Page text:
When Carmen Santillan and her husband Mike Simms faced the unique challenge of feeding 200 people at the top of a mountain in 2015, they ended up with a vegan recipe for traditional Mexican street food that continues to mystify those who bite into their barbacoa today.
Almost overnight, their Cena Vegan taco stand was drawing long, snaking lines when it appeared on the streets of Highland Park in 2016. After garnering success and a faithful following at locations in Lincoln Heights and Whitter, Cena Vegan will debut in Long Beach on Tuesday within Partake Collective, a ghost kitchen dining hall in the East Village.
But first, back to the mountaintop: About seven years ago, Simms, a volunteer forest ranger for LA County, was able to gather 200 volunteers, who worked tirelessly to help him achieve his dream of uncovering historic ruins and restoring a trail at the top of Echo Mountain in Altadena. Together, teenagers, children, parents and grandparents worked to transform the area, with many clearing overgrown brush by hand.
Simms was so overcome with gratitude that he made a fateful promise: to feed all of the volunteers homemade vegan tacos when they returned to the mountain months later for the next work day.
“‘Are you out of your mind?’” Santillan questioned her husband at the time.
“He’s a dreamer,” she told the Business Journal.
The couple had only recently decided to transition to a vegan lifestyle after Simms’ doctor dealt him dire warnings about his health and diet. At first, Simms jumped into action by becoming a vegetarian, but even after losing weight and adapting to that diet, he was told that he had the clogged arteries of a 90-year-old man.
“My husband is my best friend,” Santillan said. “If you’re vegan, we’re vegan.”
But the prospect of feeding 200 people with what had essentially been a home experiment was going to cost an estimated $800. That’s because seitan, a vegan meat alternative made from hydrated gluten, comes with a massive price tag in large quantities.
It would have drained the couple’s savings, Santillan said. Simms had also just lost his job at the time. But that seemingly insurmountable promise was one that Simms was determined to realize.
“‘I got myself into this mess, I’ll figure it out,’” her husband told her then.
Just as Santillan had recently cast meat and dairy aside, she told him: “‘We’re in it together.’”
So, if the couple couldn’t afford to buy a colossal amount of seitan, they would figure out how to make it themselves.
When they first began their journey into veganism, Santillan knew in her heart that she would have to find a way to recreate the traditional Mexican meals her grandmother and mother raised her with.
“We missed having the food I grew up eating, because … in the Mexican diet, I mean, it’s very, you know, meat-centric.”
But for her, those recipes held an emotional connection.
“My mother passed away when I was 17 years old,” she said. “I felt like I got really lucky that I was able to spend time with her in the kitchen, that I was able to learn how to cook, that I could make these beautiful recipes—because to me, it’s a way of connecting and staying connected with her.”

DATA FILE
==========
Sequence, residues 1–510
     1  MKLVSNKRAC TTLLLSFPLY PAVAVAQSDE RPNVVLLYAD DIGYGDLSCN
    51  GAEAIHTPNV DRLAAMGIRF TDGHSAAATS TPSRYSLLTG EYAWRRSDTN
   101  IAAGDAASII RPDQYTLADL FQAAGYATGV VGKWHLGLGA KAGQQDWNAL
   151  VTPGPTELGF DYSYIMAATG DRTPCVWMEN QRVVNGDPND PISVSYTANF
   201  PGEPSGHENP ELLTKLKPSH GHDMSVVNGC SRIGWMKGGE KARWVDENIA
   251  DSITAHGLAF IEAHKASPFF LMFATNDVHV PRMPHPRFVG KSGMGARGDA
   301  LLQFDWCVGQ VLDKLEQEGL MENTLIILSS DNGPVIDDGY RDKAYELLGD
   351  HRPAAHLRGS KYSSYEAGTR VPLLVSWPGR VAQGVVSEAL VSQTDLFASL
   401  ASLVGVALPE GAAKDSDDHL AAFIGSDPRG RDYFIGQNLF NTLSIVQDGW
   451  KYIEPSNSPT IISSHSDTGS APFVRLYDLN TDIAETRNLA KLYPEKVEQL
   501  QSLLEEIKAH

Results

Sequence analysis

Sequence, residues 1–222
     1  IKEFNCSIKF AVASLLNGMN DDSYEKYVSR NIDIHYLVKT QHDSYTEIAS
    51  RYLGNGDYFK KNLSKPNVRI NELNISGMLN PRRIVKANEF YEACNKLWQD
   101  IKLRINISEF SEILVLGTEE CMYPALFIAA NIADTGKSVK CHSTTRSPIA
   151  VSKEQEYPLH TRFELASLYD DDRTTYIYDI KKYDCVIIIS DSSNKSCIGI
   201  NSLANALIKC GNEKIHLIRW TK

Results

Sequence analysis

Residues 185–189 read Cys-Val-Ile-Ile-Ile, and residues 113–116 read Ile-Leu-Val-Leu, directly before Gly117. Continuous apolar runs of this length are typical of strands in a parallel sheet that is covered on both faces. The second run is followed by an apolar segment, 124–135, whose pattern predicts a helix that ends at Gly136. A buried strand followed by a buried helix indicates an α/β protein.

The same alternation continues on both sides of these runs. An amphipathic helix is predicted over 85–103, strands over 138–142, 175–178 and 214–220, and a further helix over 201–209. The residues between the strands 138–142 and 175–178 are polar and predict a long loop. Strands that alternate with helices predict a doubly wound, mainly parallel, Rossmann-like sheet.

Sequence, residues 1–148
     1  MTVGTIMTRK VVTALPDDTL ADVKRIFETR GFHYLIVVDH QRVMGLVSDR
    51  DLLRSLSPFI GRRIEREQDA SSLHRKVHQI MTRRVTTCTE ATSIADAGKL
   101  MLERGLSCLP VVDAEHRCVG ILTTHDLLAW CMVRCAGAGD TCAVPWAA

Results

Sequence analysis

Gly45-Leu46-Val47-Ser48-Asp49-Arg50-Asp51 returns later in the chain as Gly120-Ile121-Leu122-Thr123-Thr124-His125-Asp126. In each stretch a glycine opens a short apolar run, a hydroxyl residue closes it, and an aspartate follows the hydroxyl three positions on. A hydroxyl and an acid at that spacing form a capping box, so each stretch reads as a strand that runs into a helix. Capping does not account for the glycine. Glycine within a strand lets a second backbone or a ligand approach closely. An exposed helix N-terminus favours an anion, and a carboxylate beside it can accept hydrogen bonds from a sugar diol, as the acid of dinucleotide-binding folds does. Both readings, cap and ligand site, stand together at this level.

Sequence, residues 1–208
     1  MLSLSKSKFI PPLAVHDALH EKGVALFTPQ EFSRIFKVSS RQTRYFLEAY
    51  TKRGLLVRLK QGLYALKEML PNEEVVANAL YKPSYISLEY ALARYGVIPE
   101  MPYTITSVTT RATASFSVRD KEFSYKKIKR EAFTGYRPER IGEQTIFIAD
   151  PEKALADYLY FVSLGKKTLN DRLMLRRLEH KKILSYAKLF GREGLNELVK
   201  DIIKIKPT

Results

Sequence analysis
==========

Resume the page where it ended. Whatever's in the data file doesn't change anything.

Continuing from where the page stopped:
One day, as Simms ran trial and error over and over again in an attempt to develop their home seitan recipe, Santillan set out two traditional Mexican marinades for her husband before she left that day: one for carne asada and the other for pollo asado. When she returned home, he told her, “‘I think we nailed it.’”
“And the version of that seitan with that marinade is very similar to what you enjoy from Cena today,” she said.
Santillan then enlisted the help of her sister, Marcy Velazquez, to help begin the weeklong task of preparing enough seitan to feed 200.
“She’s always been extremely supportive,” Santillan said of her sister, “no matter how crazy the idea is.”
When the big day on Echo Mountain finally came, the trio, along with a few other volunteers, drove up the fire access road and then lugged all of their supplies three quarters of a mile up to the top, where they set up tables and chafing dishes.
“Everybody ate. Some people ate twice, and everything was gone,” she said, describing the range of emotions they felt that day from anxiety to relief to absolute joy.
Shortly after, they began serving Cena Vegan at their taco stand in Los Angeles. The team consisted of Santillan, Simms and Velasquez. At the time, all Simms and Santillan could pay Velasquez was gas money. Now, Valasquez runs the kitchens, and Cena Vegan has 25 employees.
Cena Vegan’s recipes, which have garnered something of a cult following, are available for pickup at another ghost kitchen in Lincoln Heights and at a food stall within Whittier Brewing Company. Long Beach marks Cena’s third location.
While Cena exclusively offers Mexican street food, Santillian says she’s excited for the day the public will finally get to try some of their more “formal” recipes, when they have a brick-and-mortar to call home.
But, Santillian says, Cena originated as a way to offer plant-based recipes to vegans and vegetarians who either can no longer or who have never been able to experience true Mexican street food.
“We used to go after a party or something. We would go find that taco cart on the corner somewhere, where you see the shiny light bulbs, and we would stand there and eat tacos on the street,” she said. “You couldn’t do that as a vegan.”
Cena Vegan will debut its new location at 11:30 a.m. on Tuesday, March 14, at Partake Collective, 456 Elm Ave. The kitchen will be open Tuesdays through Sundays from 11:30 a.m. to 9:30 p.m. and will be closed on Mondays.